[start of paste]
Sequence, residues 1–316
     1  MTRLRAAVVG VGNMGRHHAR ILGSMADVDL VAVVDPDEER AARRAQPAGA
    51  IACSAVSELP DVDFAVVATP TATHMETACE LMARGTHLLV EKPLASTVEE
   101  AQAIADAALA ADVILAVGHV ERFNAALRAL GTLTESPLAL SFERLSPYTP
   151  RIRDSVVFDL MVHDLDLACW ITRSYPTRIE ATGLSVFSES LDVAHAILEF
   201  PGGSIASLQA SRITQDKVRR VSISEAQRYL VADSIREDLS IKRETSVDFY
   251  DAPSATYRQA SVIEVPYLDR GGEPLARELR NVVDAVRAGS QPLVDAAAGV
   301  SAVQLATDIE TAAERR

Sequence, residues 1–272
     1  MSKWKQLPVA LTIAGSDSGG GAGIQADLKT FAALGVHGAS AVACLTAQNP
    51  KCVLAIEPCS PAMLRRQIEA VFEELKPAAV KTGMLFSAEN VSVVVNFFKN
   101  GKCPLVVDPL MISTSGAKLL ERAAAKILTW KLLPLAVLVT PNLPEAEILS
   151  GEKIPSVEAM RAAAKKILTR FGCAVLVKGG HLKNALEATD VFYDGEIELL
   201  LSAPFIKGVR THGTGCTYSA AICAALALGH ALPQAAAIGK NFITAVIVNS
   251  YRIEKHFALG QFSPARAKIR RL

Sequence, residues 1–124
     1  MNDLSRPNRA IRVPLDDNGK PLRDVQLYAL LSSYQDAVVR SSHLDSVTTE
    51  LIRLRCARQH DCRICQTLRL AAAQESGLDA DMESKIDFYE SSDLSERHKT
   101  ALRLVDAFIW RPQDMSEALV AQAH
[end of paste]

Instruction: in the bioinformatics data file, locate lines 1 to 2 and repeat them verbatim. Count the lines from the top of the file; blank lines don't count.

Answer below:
Sequence, residues 1–316
     1  MTRLRAAVVG VGNMGRHHAR ILGSMADVDL VAVVDPDEER AARRAQPAGA